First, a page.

Oklahoma, when it was known as Indian Territory and after statehood in 1907, was a land where outlaws seemed to run wild, and enforcers of the law had a hard time keeping them under control. This entertaining book covers 100 years of history of outlaws and lawmen in Indian Territory and, later, the state of Oklahoma from 1839 to 1939. The authors in their introduction state that this book is a popular history of this subject and not an academic work. Many of their sources, they say, are reliable; they also say that some are not, while others cannot be verified.
The authors present known and lesser-known personalities on both sides of the law. Some of the outlaws include Rufus Buck and his gang, Thomas Starr, Belle Starr, Alvirado Hudson, Cattle Annie and Little Britches, Bonnie and Clyde, Billy the Kid and his gang, Pretty Boy Floyd, Cherokee Bill, Henry Starr, Barker gang, the Youngers, the Daltans, the Doolins, and many others. There is a profile of outlaws toward the end of the book. Some of the lawmen featured in the book are William Tilghman, James Franklin “Bud” Ledbetter, Christ Madsen, Judge Isaac C. Parker, and others.
The book has maps, endnotes, an extensive bibliography, an index, and black and white photos. The authors devote various chapters to specific topics like the bootlegging and illegal whiskey sale to Indians. A chapter on Billy the Kid and some of his gang members with Oklahoma connections is provided. Indian Territory was a great place for outlaws and others who simply wanted to be left alone. There were very few lawmen for the territory, and few people in the Territory asked questions about who their guests were in fear of being murdered or robbed. Heinous crimes like rape, though, could rouse the various communities against the perpetrators. Those interested in Oklahoma history, outlaws and criminal history will enjoy this book, and it is highly recommended to them.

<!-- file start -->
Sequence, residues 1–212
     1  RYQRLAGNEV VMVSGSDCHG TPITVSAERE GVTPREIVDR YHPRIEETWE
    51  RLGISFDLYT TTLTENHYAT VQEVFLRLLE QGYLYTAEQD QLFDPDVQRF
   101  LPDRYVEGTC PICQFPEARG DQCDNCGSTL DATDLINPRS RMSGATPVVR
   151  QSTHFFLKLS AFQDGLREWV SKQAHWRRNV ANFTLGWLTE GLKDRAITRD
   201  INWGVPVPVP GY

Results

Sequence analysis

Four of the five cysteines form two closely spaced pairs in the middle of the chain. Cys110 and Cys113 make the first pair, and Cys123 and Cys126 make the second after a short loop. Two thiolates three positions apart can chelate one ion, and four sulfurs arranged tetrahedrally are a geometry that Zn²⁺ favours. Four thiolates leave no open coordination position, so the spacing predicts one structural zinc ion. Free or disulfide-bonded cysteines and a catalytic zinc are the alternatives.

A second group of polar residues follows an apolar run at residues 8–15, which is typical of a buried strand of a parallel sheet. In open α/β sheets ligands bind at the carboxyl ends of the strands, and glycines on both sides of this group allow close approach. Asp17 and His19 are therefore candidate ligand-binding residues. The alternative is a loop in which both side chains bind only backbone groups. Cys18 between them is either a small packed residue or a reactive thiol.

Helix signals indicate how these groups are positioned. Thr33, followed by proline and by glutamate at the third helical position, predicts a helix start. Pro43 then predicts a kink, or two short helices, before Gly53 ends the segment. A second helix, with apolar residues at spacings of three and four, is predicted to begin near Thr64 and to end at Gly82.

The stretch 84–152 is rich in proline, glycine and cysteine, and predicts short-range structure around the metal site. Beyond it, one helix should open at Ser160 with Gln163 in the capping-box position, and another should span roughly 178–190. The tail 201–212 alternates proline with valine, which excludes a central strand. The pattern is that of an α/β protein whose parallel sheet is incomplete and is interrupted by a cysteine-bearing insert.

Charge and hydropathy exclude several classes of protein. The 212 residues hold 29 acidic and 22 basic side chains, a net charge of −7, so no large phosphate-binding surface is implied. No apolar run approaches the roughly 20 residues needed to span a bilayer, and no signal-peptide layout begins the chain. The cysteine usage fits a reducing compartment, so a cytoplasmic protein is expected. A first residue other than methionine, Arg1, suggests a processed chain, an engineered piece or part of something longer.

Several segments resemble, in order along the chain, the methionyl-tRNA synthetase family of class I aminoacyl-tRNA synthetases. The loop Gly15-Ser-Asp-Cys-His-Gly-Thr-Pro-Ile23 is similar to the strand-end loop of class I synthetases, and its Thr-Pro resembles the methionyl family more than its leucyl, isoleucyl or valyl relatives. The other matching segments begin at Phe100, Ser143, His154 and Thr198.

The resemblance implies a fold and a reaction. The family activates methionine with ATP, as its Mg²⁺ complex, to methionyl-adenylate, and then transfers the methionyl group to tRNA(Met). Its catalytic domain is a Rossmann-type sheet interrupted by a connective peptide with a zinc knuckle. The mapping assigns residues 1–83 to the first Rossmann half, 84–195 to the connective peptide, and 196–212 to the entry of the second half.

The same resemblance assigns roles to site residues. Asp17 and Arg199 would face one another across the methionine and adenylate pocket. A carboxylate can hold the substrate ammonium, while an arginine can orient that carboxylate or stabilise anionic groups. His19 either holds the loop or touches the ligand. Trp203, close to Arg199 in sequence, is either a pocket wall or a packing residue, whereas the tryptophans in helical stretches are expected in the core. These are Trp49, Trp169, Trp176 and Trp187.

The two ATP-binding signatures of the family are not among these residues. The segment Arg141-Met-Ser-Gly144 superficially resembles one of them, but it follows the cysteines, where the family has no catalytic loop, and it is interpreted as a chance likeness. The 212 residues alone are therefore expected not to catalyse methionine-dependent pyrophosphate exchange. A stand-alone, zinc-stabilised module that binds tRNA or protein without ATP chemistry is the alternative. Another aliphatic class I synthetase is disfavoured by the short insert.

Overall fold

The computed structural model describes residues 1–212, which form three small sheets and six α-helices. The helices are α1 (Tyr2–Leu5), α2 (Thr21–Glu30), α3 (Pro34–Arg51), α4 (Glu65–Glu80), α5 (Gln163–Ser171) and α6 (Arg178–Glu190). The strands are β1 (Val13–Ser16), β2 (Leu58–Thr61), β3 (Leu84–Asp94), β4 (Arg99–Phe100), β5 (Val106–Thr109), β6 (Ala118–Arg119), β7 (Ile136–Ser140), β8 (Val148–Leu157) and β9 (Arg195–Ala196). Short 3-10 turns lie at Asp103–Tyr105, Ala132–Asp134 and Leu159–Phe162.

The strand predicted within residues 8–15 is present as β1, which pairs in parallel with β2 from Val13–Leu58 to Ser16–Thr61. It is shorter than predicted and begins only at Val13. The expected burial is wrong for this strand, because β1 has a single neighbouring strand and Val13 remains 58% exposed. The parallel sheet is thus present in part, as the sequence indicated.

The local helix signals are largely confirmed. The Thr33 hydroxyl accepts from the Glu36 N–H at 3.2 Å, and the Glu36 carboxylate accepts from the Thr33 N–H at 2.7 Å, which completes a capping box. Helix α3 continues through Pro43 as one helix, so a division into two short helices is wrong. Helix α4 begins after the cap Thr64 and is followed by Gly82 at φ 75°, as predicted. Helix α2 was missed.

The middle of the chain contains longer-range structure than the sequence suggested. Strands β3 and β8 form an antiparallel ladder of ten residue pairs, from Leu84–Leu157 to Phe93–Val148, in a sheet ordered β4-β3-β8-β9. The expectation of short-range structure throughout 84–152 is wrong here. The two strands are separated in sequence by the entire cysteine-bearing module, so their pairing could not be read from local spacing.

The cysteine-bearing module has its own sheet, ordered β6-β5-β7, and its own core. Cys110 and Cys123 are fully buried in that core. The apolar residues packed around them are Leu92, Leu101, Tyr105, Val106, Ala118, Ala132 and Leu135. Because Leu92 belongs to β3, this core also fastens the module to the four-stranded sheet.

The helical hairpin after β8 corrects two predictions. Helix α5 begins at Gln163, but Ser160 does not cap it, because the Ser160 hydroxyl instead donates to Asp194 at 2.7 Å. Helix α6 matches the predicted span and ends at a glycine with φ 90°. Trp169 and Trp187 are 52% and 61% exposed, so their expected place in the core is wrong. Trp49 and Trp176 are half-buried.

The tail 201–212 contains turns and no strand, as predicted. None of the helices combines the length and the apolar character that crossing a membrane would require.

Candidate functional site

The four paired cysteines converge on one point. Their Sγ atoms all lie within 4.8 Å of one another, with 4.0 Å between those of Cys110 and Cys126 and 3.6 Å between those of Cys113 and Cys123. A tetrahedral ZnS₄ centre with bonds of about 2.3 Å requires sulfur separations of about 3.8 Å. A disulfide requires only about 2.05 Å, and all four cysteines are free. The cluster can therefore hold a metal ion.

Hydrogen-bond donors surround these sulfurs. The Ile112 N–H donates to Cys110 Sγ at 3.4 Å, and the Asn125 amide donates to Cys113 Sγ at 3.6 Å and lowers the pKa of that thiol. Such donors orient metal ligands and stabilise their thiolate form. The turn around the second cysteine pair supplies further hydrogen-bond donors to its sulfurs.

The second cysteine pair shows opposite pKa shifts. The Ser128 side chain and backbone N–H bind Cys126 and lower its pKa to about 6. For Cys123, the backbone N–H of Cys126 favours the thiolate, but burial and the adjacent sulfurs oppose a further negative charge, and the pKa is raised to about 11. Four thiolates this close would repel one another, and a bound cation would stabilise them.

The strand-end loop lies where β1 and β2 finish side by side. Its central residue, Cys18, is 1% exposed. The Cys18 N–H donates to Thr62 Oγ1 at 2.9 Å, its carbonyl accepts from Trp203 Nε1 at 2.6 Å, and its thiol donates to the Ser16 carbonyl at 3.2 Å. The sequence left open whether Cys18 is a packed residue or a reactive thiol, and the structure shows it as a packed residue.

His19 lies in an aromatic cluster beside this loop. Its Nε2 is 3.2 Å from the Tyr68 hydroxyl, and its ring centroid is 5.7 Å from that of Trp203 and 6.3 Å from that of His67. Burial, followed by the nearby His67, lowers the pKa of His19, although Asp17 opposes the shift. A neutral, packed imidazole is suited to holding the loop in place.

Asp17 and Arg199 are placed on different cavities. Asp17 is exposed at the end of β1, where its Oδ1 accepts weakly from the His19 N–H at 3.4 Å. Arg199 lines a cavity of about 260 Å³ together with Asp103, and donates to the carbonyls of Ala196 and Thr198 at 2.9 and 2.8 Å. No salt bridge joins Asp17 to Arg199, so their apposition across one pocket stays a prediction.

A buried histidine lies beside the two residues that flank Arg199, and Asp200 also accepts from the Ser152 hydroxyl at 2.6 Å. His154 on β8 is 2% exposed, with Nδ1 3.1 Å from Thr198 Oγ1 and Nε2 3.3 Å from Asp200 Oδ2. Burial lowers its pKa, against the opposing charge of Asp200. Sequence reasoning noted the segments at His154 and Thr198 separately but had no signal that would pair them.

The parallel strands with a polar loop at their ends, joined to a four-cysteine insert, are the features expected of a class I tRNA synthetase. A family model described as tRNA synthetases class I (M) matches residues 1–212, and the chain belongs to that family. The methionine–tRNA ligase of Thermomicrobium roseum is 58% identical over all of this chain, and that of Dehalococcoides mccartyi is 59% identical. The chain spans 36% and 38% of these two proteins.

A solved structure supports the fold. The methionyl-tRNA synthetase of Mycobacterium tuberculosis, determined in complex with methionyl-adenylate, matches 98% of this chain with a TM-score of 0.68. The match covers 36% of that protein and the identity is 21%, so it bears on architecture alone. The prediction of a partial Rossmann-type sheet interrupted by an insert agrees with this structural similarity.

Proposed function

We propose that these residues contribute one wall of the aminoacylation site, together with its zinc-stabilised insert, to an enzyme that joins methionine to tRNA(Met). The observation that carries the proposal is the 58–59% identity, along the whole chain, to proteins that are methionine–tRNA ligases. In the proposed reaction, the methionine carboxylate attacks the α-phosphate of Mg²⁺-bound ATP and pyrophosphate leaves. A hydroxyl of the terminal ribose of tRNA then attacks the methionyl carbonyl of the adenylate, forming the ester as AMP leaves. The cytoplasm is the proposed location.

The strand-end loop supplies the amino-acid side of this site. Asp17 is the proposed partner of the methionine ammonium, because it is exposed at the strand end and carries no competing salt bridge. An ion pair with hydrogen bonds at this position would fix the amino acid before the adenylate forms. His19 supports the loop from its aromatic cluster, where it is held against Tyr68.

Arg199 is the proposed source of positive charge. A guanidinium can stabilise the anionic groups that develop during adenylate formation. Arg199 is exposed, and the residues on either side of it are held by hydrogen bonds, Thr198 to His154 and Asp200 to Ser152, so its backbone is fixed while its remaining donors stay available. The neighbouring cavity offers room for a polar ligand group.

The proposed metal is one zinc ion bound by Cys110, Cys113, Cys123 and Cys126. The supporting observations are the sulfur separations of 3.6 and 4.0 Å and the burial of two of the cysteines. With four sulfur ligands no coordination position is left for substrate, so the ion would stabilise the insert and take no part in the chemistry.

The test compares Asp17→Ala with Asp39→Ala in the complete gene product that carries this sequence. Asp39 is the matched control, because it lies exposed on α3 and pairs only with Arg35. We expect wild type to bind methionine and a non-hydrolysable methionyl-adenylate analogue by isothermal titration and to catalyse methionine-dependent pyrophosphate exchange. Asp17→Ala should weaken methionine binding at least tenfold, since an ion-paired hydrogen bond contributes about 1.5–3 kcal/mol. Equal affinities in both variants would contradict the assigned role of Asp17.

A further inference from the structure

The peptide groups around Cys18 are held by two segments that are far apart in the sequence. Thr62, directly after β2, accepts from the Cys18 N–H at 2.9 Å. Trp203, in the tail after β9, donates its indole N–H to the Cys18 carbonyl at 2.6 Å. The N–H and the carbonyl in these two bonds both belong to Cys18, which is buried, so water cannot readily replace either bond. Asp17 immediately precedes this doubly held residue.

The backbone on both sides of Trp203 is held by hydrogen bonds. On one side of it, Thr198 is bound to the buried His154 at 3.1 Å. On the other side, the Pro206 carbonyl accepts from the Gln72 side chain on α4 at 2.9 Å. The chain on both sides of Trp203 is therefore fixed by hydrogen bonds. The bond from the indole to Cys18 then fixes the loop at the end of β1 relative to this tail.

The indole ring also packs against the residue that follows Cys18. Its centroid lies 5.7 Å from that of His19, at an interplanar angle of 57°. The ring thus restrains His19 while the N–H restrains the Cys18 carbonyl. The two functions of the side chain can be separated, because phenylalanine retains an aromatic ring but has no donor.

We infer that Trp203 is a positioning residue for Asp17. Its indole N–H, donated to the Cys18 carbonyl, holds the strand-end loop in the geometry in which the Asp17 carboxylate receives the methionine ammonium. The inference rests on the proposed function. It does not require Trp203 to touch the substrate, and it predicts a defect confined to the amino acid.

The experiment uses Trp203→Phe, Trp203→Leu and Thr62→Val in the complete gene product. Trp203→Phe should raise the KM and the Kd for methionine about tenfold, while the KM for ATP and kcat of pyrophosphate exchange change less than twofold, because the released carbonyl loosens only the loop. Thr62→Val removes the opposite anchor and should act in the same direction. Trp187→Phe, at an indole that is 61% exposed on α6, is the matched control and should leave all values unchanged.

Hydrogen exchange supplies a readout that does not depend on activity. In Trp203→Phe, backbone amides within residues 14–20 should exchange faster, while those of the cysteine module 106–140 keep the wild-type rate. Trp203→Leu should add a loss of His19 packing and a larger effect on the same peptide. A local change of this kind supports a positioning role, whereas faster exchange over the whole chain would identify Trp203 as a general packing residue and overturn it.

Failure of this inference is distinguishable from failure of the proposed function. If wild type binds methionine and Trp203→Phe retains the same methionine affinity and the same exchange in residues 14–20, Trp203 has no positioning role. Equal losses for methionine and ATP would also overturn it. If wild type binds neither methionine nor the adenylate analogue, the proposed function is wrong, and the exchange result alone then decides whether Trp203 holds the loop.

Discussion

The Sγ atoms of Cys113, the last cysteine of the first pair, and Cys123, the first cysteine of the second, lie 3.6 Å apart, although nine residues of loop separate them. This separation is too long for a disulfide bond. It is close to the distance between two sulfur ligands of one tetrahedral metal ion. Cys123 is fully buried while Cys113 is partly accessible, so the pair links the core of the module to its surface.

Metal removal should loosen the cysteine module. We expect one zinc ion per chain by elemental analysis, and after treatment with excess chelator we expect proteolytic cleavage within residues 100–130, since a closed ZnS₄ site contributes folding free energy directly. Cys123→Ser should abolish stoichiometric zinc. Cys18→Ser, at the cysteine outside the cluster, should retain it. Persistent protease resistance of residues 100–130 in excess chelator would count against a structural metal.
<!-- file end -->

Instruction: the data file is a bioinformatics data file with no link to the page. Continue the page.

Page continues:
Dan Anderson studied business at Northeastern Oklahoma A & M College in Miami, Oklahoma and studied history at Tulsa Community College. He is a former newswriter, photographer, feature writer and columnist. In addition to journalism, he has been involved in private security, a reserve police officer and a private investigator.
Laurence Yadon studied history at the University of Oklahoma under the author of Jesse James Was His Name, William Settle. He received his law degree from the University of Oklahoma College of Law and is the owner of Mediation Dynamics, which specializes in mediation and arbitration. He has written three genealogical works prior to this book.